Age discrimination is not discussed as often as other types of discrimination, but it is no less damaging for people and their careers. When employers choose to discriminate against their older employees, they can cause substantial harm to them and their career prospects. Here are five signs of age discrimination you may want to watch out for if you are 40 or older:
Legally speaking, it is illegal for employers to retaliate against an employee for reporting a violation of employment law by their employer. However, employers often take retributive measures against employees anyway, resulting in substantial professional consequences for employees who are simply trying to do the right thing. But what exactly is retaliation in an employment law context, and what should you do if your employer retaliates against you?
As a general rule, dress codes are legal for employers to have. As Steven Sack notes in his book, “Fired!”, “[dress codes] are legal provided the policies do not unfairly impact a group of workers such as females.” But what do you do when a dress code does unfairly discriminate against a group of people, and what does that look like?
Many people feel uncomfortable talking about their salary, especially with their other coworkers. They may think it is rude, or be afraid of retaliation from their boss for discussing that information. However, if you talk to your coworkers about how much you are paid, you could find some extremely useful information that you can use to your benefit. Here are just a few reasons you should speak to your coworkers about your salary?
Every year, more than 100,000 people file discrimination claims with the Equal Employment Opportunty Commission (EEOC), the federal authority in charge of investigating workplace discrmination claims. However, this shockingly large number is still thought to include a great deal of underreporting, in part because people do not always recognize when they have been the victim of discrimination. So how do you know if you have been discriminated against at work?
A federal court in Ohio has dismissed a motion for summary judgment in a case where a prospective employee was not hired after disclosing he used a prescription opioid painkiller. The case is a sign of the stigma that many people with chronic pain face as they seek employment in their respective fields. However, the plaintiff’s own motion for summary judgment was also defeated, meaning the case may have a long way to go before it is resolved.
Starting on May 15, 2022, New York City will require all employers in the city with four or more employees to disclose the acceptable salary range for any position it advertises. This is meant to deal with a surprisingly common problem, where employers would advertise a position without also advertising the salary, leading to what many would consider deceptive business practices. This information can help potential job applicants to ensure they are making an amount of money appropriate to their position, rather than having to operate blind. Continue reading “New York City Mandates Salary Range Disclosure Starting May 15”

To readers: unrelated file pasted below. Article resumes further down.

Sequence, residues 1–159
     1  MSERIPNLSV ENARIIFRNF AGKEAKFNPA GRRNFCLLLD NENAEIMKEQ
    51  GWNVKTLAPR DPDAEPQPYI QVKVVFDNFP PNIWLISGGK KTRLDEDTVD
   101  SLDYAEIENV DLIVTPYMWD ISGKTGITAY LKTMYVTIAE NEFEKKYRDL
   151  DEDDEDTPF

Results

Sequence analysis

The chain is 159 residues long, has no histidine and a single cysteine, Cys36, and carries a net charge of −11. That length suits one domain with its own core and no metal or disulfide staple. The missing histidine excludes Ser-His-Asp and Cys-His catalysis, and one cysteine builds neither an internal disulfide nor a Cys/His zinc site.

Performance reviews are a regular part of almost every job in existence, with employees evaluated based on their ability to adequately perform their job duties. In theory, these are innocuous, a sensible part of ensuring employees are on task and doing their jobs. In reality, however, performance reviews can be used as a tool to deprive employees of their pay and benefits, and to conceal potentially illegal labor practices. Continue reading “How Do Employers Use Performance Reviews Against Employees?”
The California State Attorney General has sued Activision Blizzard, a major game publisher, for sexual harassment and discrimination against female employees. The company is accused of having a “pervasive ‘frat boy’ culture” in which women were consistently subjected to derogatory comments and offensive humor, and where men were regularly promoted over their female peers. The company initially denied the allegations, but has since moderated its stance due to a public backlash. Continue reading “Activision Blizzard Sued Over Allegations of Widespread Discrimination”
LNK International, Inc., a pharmaceutical manufacturer located in New York, has agreed to pay $220,000 to settle charges of discrimination in its employment practices. The charges, issued by the United States Department of Justice (DOJ), indicate that the company was engaged in practices that discriminated against lawful permanent residents and other legal immigrants. The settlement shows what kind of hardship immigrants can face when seeking employment, even when they are in the United States legally. Continue reading “NY Pharma Company Pays $220K to Settle Discrimination Charges”